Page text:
We take the phrase “Classic Rock” for granted. It’s one of music’s most casually deployed phrases, yet unlike “indie rock” or just plain “rock,” we rarely see diatribes about the term “classic rock” being reduced to meaninglessness. There is a certain indescribably yet identifiable essence to it. Still, we’re all getting older, and so is the music we grew up with, including the likes of U2 and Nirvana. History is moving on, and classic rock radio along with it. As the stat nerds at FiveThiryEight pointed out, at least one classic rock station out there recently saw fit to blast Green Day’s “American Idiot,” a song released only 10 years ago. That got them wondering what a survey of classic rock radio stations might tell us about how the genre is defined these days. Writer Walt Hickey surveyed the playlists of 25 self-described classic rock stations across the country for a week. One of his findings was that radio’s definition of classic rock varies heavily according to geography:
I found that classic rock is more than just music from a certain era, and that it changes depending on where you live. What plays in New York — a disproportionate amount of Billy Joel, for example — won’t necessarily fly in San Antonio, which prefers Mötley Crüe. Classic rock is heavily influenced by region, and in ways that are unexpected. For example, Los Angeles is playing Pearl Jam, a band most popular in the 1990s, five times more frequently than the rest of the country. Boston is playing the ’70s-era Allman Brothers six times more frequently. Hickey also found that a staggering (yet not all that surprising) 57 percent of the songs were culled from the 10-year period between 1973 and 1982, and that the most recent year to make a major dent in the playlists was 1991. Among other charts and graphs, he listed the most-played songs throughout his week of collecting data:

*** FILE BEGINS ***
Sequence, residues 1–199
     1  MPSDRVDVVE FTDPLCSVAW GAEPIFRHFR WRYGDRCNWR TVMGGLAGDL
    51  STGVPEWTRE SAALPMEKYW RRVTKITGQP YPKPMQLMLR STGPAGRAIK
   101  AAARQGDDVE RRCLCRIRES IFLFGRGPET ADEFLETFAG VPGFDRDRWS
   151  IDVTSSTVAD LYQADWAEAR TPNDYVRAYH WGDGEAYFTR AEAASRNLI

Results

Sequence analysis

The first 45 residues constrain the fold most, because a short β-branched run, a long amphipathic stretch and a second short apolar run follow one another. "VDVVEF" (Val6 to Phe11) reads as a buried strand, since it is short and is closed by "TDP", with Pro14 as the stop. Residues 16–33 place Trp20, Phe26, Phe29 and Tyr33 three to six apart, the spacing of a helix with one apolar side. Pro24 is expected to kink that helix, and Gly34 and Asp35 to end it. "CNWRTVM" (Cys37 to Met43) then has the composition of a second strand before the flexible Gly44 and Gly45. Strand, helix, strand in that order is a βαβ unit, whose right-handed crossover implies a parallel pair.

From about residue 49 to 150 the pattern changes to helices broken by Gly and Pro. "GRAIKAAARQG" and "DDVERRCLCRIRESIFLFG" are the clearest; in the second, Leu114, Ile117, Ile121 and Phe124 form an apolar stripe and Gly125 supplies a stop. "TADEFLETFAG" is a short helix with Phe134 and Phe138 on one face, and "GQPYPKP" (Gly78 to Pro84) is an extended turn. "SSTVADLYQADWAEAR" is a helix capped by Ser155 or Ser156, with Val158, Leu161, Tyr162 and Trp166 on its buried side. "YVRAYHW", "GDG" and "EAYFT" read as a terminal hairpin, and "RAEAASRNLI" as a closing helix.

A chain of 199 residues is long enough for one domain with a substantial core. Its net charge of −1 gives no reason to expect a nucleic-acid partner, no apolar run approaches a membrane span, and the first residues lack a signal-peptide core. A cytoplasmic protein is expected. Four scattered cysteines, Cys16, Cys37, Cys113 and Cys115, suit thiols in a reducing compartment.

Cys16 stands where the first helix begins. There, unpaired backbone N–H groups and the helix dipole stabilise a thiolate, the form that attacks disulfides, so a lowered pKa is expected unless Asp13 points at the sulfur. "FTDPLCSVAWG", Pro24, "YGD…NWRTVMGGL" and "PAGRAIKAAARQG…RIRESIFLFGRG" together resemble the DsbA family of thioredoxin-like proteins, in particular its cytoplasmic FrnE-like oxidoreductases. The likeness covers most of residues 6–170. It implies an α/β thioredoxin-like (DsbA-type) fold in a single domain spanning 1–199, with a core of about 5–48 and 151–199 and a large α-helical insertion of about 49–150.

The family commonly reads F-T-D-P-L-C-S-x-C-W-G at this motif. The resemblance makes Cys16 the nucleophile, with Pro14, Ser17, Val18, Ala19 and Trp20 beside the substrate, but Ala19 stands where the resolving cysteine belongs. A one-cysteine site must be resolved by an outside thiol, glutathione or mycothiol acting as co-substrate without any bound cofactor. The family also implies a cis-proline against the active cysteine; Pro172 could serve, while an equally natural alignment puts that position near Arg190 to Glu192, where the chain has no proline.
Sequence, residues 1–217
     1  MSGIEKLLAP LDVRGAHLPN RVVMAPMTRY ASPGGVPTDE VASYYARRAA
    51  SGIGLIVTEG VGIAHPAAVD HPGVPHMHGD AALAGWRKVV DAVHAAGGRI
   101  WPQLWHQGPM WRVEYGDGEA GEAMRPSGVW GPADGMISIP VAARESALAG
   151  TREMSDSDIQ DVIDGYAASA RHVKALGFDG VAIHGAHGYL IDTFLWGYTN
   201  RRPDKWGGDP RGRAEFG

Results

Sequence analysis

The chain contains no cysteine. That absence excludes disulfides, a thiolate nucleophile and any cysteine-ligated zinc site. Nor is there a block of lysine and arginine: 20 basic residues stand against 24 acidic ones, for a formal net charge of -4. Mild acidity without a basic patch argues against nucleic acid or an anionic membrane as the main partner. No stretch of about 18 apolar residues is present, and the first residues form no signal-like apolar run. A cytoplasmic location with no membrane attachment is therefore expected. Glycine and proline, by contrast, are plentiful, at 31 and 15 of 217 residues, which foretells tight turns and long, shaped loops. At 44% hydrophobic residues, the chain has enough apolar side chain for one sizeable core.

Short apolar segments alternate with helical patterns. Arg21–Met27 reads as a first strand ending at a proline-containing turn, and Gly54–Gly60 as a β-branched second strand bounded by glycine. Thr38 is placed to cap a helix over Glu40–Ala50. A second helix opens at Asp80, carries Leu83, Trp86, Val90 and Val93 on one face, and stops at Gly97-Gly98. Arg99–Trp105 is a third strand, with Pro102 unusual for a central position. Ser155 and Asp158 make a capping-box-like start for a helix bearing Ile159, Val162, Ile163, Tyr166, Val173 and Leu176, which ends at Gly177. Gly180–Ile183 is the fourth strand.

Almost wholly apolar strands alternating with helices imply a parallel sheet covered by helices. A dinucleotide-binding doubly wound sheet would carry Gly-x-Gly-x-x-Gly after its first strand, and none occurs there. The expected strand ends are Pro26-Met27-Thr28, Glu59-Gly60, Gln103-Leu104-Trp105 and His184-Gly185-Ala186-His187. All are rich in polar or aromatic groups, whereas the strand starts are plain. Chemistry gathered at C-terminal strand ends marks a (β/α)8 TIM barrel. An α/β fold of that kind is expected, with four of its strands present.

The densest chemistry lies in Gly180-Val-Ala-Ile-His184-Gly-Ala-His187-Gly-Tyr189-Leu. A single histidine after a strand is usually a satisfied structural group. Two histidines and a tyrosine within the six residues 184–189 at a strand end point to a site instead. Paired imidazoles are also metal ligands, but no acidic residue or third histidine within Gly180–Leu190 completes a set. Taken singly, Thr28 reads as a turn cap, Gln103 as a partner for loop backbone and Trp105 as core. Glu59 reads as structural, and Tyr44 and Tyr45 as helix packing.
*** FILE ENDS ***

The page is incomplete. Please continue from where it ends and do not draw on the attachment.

So, pretty much what you’d expect, right? Maybe Aerosmith is slightly more dominant than expected, but still, that list offers a portrait of classic rock we can all agree on. Yet a transformation is definitely underway, and as with most things in life, it’s being spurred by money and mortality. Hickey wrote: It’s going to come down to economics, Wellman said. As baby boomers and Gen X-ers age out of the key advertising demographic over the next five to 10 years, one of two things will happen. Either advertisers will chase them, or classic rock will start to skew younger. Head to FiveThirtyEight for lots of other fascinating data. In the meantime, let’s mull this over together. How do you define classic rock? Are there certain characteristics that definitively bar a song from that distinction, or, alternately, ones that mark a song as unquestionably part of the classic rock genre? What’s the most shocking song you’ve heard on classic rock radio lately?
http://fivethirtyeight.com/features/why-classic-rock-isnt-what-it-used-to-be/ [Photo by Ben A. Pruchnie/Getty Images.]